Did the Gramm-Leach-Bliley Act cause the housing bubble?

No.  That is one common myth among the progressive left.  Because it involves financial deregulation and the unpopular Phil Gramm, the Act is vilified and assumed to be part of a broader chain of evil events.  Here are some of the articles which promulgate the myth that the Act caused or helped cause the housing bubble.  One version of the claim originates with Robert Kuttner, but if you read his article (and the others) you’ll see there’s not much to the charge.  Kuttner doesn’t do more than paint the Act as part of the general trend of allowing financial conflicts of interest. 

Most of all, the Act enabled financial diversification and thus it paved the way for a number of mergers.  Citigroup became what it is today, for instance, because of the Act.  Add Shearson and Primerica to the list.  So far in the crisis times the diversification has done considerably more good than harm.  Most importantly, GLB made it possible for JP Morgan to buy Bear Stearns
and for Bank of America to buy Merrill Lynch.  It’s why Wachovia can consider a bid for Morgan Stanley.  Wince all you want, but the reality is that we all owe a big thanks to Phil Gramm and others for pushing this legislation.  Brad DeLong recognizes this and hail to him.  Megan McArdle also exonerates the repeal of Glass-Steagall

Here is a good critique of GLB, on the grounds that it may extend "too big to fail" to too many institutions.  That may yet happen but not so far.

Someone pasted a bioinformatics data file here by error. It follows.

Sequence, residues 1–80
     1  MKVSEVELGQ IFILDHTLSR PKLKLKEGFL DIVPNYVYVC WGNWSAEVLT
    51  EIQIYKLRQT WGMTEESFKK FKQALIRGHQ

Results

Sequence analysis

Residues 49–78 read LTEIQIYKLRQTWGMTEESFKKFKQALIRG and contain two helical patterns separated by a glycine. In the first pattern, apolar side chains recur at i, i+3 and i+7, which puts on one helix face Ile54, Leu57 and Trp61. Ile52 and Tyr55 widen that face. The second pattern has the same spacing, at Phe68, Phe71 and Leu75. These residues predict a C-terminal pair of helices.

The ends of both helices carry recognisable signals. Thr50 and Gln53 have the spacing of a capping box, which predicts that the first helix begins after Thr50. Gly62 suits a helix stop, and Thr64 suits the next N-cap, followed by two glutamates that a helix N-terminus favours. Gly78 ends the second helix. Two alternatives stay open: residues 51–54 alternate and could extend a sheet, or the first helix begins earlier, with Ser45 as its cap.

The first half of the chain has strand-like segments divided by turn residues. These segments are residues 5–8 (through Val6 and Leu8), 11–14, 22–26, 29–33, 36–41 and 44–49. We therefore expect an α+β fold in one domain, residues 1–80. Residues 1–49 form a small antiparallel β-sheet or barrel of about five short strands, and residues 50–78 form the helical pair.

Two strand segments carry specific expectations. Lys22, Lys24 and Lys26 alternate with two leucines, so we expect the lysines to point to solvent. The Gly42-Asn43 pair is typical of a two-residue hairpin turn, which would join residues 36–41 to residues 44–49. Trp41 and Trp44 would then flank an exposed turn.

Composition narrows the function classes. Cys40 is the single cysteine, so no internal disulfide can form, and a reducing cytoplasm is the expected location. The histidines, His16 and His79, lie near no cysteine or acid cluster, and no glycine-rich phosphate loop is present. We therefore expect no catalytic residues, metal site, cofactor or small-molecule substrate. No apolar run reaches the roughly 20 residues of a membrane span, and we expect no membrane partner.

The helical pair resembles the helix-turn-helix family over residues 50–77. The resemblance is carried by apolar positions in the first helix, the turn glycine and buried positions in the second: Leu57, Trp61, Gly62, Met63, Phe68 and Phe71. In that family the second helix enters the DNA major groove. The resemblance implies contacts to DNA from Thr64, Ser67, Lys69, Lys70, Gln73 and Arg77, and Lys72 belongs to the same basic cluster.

The Act had other provisions concerning financial privacy.

Maybe you can blame some conflict of interest problems at Citigroup and Smith Barney on the Act.  But again that’s not the mortgage crisis or the housing bubble and furthermore those problems have been minor in scale.  Ex-worker has a very sensible comment.  The most irresponsible financial firms were not, in general, owned by commercial banks.  Here’s lots of informed detail on GLB and the bank failure process.  Here is another good article on how GLB didn’t actually change Glass-Steagall that much.

Here’s a Paul Krugman post on GLB; he attacks Phil Gramm but he doesn’t explain the mechanism by which GLB did so much harm.  The linked article has no punch on this score either, although you will learn that Barack Obama has scapegoated GLB, again without a good story much less a true story. 

I may soon cover the Commodity Futures Modernization Act as well.


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